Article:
News began to spread Tuesday afternoon that former Lakers coach Mike Brown was nearing an agreement to coach the Cleveland Cavaliers on a five-year deal.
This bit of news drew interest for a couple reasons.
First, Brown was coach of the Cavaliers until they decided to fire him ahead of LeBron James’ decision to take his talents to South Beach. That little tidbit may have been interesting, but it had no direct bearing on the Lakers.
Pertaining to the Lakers, Brown’s rumored five-year $25 million deal with the Cavaliers pointed to the Lakers being relieved of significant, if not all, financial liability on Brown’s buyout with Los Angeles.
As a result, the Lakers will likely now only be paying for one coach: Mike D’Antoni.
Earlier this season, D’Antoni signed a $12 milion contract for three years with the team holding an option on the fourth year. With the Lakers still owing Brown $6 million to $7 million, the Lakers suddenly have a good amount of cash on hand should they decide to make another coaching change.
Pretending there is no family drama involving Jim Buss, Jeanie Buss and Phil Jackson, the Lakers could theoretically bring back Jackson with the money that suddenly appeared via Brown’s agreement with the Cavaliers.
Keeping in mind that a significant percentage of Brown’s remaining buyout disappears and Jackson is rumored to cost about $10 million per season, the Lakers would be wise to at least consider bringing in the 11-time NBA champion and effectively paying half price for his services.
Well, first of all, re-signing Dwight Howard is the Lakers’ top priority during this off season. Although the Lakers can offer Howard a bigger and longer contract than any other team, Howard has jokingly referred to D’Antoni as “Coach Pringles” and occasionally clashed with D’Antoni’s offensive philosophy.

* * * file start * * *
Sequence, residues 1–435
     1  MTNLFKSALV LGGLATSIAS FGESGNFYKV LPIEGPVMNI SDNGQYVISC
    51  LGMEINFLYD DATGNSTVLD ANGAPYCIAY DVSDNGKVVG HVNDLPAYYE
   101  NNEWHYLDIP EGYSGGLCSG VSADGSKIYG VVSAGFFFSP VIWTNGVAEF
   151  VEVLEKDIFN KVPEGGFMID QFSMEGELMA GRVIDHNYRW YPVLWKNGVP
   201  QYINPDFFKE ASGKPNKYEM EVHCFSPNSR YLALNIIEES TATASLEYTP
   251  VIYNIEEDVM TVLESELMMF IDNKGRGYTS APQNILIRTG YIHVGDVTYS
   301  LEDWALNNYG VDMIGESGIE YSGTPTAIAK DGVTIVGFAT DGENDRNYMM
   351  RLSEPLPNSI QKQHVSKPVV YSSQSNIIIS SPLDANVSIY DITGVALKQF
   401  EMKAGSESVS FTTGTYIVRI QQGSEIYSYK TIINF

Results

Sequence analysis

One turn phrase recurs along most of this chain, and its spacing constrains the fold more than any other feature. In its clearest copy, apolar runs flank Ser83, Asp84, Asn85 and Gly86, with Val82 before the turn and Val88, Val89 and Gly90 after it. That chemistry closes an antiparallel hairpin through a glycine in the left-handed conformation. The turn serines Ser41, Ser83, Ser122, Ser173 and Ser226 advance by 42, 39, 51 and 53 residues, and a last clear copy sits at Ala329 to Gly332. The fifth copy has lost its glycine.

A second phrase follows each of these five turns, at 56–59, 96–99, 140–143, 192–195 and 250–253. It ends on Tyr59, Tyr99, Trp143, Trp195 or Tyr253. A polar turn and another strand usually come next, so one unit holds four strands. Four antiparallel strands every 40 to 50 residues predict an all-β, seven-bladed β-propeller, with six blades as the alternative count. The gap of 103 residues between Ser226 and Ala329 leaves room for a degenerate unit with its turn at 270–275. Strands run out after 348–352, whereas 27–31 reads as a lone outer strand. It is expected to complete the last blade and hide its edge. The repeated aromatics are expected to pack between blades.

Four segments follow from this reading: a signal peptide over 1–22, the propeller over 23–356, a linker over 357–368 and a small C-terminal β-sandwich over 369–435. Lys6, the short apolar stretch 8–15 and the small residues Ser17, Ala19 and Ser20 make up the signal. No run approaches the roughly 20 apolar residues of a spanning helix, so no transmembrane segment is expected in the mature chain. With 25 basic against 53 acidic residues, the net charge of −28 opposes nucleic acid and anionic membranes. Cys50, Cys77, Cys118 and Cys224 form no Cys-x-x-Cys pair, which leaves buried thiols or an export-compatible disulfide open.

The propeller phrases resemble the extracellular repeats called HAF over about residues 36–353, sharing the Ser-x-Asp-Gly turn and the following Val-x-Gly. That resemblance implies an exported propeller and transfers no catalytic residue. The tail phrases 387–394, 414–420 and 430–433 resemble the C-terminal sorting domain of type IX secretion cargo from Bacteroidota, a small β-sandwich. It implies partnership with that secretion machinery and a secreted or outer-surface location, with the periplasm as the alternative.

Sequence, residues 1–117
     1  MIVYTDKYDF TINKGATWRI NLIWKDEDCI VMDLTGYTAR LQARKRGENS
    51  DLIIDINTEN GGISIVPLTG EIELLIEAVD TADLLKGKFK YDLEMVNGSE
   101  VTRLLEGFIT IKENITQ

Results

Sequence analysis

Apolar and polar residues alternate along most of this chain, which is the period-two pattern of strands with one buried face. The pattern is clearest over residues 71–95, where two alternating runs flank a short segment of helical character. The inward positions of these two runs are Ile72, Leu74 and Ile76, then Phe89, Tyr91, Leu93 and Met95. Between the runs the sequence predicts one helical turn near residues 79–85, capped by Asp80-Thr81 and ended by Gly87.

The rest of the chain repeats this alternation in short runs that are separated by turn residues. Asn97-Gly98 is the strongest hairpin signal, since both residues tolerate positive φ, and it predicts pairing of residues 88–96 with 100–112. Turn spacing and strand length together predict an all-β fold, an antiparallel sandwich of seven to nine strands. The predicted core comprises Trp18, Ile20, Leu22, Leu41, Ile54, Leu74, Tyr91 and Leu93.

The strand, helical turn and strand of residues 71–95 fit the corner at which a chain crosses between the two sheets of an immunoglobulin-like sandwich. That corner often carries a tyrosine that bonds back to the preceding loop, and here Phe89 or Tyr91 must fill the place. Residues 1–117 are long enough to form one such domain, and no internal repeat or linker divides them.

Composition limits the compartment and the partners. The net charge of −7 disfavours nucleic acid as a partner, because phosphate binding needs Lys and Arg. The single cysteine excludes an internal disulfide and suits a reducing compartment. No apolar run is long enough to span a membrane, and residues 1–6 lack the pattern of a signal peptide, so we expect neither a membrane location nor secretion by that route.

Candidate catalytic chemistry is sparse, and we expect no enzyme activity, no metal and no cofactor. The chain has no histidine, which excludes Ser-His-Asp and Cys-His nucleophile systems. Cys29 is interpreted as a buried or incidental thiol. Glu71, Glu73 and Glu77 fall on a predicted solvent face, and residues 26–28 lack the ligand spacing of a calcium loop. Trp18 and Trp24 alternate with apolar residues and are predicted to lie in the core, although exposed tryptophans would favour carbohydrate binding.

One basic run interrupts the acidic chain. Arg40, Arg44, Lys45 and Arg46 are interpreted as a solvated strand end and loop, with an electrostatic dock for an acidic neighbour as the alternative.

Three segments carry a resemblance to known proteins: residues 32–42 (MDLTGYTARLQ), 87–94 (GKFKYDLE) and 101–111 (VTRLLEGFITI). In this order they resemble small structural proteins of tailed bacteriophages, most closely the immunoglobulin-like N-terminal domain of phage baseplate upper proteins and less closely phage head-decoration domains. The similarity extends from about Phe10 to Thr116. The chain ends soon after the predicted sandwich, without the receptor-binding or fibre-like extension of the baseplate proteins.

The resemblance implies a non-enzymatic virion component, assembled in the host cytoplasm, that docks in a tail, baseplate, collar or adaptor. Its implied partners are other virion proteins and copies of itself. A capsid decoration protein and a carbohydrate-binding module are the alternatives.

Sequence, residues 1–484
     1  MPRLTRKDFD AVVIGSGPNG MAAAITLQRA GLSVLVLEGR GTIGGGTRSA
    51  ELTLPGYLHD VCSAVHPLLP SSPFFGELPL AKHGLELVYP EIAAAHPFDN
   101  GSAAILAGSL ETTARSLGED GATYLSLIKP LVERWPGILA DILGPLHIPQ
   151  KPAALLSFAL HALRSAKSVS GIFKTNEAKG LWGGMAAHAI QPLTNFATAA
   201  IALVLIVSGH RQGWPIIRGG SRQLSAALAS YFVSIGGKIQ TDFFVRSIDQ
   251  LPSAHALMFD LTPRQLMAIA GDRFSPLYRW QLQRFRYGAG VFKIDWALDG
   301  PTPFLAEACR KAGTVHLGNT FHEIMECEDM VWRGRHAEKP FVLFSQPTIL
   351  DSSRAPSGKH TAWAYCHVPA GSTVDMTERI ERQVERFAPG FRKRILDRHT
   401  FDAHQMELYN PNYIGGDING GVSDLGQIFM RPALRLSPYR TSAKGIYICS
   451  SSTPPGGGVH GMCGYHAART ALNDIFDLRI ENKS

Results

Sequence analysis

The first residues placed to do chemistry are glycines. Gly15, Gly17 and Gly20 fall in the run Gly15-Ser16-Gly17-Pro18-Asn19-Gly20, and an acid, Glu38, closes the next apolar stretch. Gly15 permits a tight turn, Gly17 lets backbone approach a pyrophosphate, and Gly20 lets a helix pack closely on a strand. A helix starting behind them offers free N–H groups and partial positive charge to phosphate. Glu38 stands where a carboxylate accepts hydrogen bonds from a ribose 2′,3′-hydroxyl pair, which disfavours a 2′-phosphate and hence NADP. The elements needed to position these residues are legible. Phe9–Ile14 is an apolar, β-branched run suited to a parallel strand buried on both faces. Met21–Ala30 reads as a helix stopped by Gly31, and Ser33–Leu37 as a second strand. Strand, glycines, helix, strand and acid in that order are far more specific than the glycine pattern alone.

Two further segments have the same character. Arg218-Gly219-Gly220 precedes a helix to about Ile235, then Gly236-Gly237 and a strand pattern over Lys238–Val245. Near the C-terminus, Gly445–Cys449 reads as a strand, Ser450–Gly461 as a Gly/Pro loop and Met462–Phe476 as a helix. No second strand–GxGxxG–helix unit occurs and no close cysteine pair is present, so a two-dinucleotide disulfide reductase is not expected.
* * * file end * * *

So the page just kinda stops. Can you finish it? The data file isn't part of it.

Also, Jackson has publicly made comments that D’Antoni’s offensive system is not best suited for Howard, and Howard acknowledged texting Jackson back and forth during this season. Further, Howard has previously stated that he would like to play under Jackson.
With the gamble on Steve Nash and D’Antoni reuniting not working out as expected, getting rid of D’Antoni would be a widely welcomed move in the eyes of the fan base.
As an added bonus, Jim Buss and the Lakers can all but guarantee Howard’s return to the team if they give Jackson a one year contract. For the remainder of Howard’s long-term deal, they can bring back D’Antoni or hire any other coach that fits their long-term vision. For one year, Buss should consider biting his tongue to keep Howard in Los Angeles.
If the Lakers truly want Howard to be the centerpiece of the Lakers’ franchise for the long-term future, axing D’Antoni and bringing in Jackson would be safe bet. Of course, Jackson has to be willing to take the job.